BE NOT WEARY IN WELL-DOING: When Life Gives You Lemons


A while back I posted Be Not Weary: Dealing With a Handicap.

A number of readers wrote me privately about their experiences with handicapped members of their families.  I had hoped they might comment for everyone to read and be inspired or comforted by their experiences.  No doubt there is still a certain amount of stigma attached to having such children, and they were shy to share publicly.  Because of this I felt the need to make an update that shares a few observations without names.

One friend noted that because abortionists want to prove they are needed, we keep hearing about the poor families who are burdened by handicapped children.  Recently the public has become more aware of the plights of parents who might have been happier if they had aborted, but how often do we hear about families who love and are made better by handicapped or disabled children?  The media does not seem to carry those reports.

Yale-New Haven Teachers Institute has published a research paper called, “Impact of a Handicapped Child on the Family” by Marcia A. Cohen. Granted there are struggles with the care and training of these children, but there is also a majority consensus that they bring love and a greater emphasis on compassion and responsibility. Both parents and siblings tend to benefit from caring for these children.  Numerous examples are given of types of disabilities and how those families dealt with the situation.  Probably the best part of the paper was suggested lesson plans for teachers of normal students who needed to be trained to understand and empathize.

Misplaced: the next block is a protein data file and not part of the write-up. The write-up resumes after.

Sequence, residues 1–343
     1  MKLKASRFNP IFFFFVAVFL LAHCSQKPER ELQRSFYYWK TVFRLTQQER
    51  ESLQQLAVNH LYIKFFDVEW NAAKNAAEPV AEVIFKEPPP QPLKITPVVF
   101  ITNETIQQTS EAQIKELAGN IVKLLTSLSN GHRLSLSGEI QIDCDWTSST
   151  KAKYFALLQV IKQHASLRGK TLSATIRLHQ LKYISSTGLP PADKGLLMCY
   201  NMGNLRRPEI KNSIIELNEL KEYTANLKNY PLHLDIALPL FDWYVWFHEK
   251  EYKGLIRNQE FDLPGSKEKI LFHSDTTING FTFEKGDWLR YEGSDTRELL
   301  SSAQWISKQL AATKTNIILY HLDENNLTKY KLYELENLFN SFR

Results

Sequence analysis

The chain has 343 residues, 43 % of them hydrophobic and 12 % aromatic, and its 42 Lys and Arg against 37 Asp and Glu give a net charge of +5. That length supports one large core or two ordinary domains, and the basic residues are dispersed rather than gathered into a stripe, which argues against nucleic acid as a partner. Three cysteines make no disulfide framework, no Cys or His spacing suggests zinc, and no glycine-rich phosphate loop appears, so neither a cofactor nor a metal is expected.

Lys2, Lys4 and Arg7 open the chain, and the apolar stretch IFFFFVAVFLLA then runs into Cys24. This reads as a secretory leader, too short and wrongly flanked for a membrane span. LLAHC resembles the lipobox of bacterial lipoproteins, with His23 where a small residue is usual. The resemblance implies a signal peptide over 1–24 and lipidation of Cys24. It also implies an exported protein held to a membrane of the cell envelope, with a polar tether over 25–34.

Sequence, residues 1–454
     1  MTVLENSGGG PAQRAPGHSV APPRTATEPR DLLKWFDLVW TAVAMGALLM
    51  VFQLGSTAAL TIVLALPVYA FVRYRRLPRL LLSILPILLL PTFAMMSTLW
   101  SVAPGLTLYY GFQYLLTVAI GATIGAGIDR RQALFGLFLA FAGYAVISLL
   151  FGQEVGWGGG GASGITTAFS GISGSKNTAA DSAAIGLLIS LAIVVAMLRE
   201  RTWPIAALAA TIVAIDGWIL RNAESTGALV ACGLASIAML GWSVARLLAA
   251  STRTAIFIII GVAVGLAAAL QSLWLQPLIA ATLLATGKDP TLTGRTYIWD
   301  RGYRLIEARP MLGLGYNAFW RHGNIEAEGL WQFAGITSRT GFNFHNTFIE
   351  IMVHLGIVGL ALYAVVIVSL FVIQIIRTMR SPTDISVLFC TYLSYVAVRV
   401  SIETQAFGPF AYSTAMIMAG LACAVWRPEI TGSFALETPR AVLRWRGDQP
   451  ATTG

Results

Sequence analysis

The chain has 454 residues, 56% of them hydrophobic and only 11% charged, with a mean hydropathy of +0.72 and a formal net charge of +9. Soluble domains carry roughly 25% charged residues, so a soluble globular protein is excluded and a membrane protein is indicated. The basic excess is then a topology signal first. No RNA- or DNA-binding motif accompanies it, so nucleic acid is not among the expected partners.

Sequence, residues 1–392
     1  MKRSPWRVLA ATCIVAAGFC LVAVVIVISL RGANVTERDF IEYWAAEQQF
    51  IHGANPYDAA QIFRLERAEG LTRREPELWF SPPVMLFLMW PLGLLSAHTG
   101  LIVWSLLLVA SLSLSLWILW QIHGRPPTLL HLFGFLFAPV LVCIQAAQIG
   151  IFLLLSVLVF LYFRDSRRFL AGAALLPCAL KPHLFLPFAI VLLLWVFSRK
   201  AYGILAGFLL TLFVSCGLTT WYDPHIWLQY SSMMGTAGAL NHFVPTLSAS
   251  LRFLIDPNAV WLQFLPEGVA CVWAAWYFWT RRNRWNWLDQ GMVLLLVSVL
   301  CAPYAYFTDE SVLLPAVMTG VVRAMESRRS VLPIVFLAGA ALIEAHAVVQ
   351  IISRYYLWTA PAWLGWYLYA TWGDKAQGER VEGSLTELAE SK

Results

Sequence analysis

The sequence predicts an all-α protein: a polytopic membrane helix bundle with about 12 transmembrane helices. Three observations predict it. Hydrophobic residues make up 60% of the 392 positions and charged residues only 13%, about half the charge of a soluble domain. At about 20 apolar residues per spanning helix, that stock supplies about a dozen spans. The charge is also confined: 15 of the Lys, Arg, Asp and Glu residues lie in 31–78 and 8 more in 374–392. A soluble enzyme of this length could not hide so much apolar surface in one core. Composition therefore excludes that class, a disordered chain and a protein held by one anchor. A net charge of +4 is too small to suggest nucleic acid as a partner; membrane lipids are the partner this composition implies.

When Life Gives You Lemons.… make something else. Tell us about a time you used an object or resolved a tricky situation in an unorthodox way.

One thought on “BE NOT WEARY IN WELL-DOING: When Life Gives You Lemons

  1. As a mom to four with two on the autism spectrum, I will gladly say they have been among the most amazing blessings of my life. I am currently writing a book on this very subject because so few hear anything these days but the”tragedy” autism is. Sure, there are days it is so hard, but the delight in seeing their beautiful, often more perceptive view of the world is infinitely better than if I’d never known them. People who advocate abortion think too often on convenience. What is convenience in the face of an existence marked by such love and purpose?

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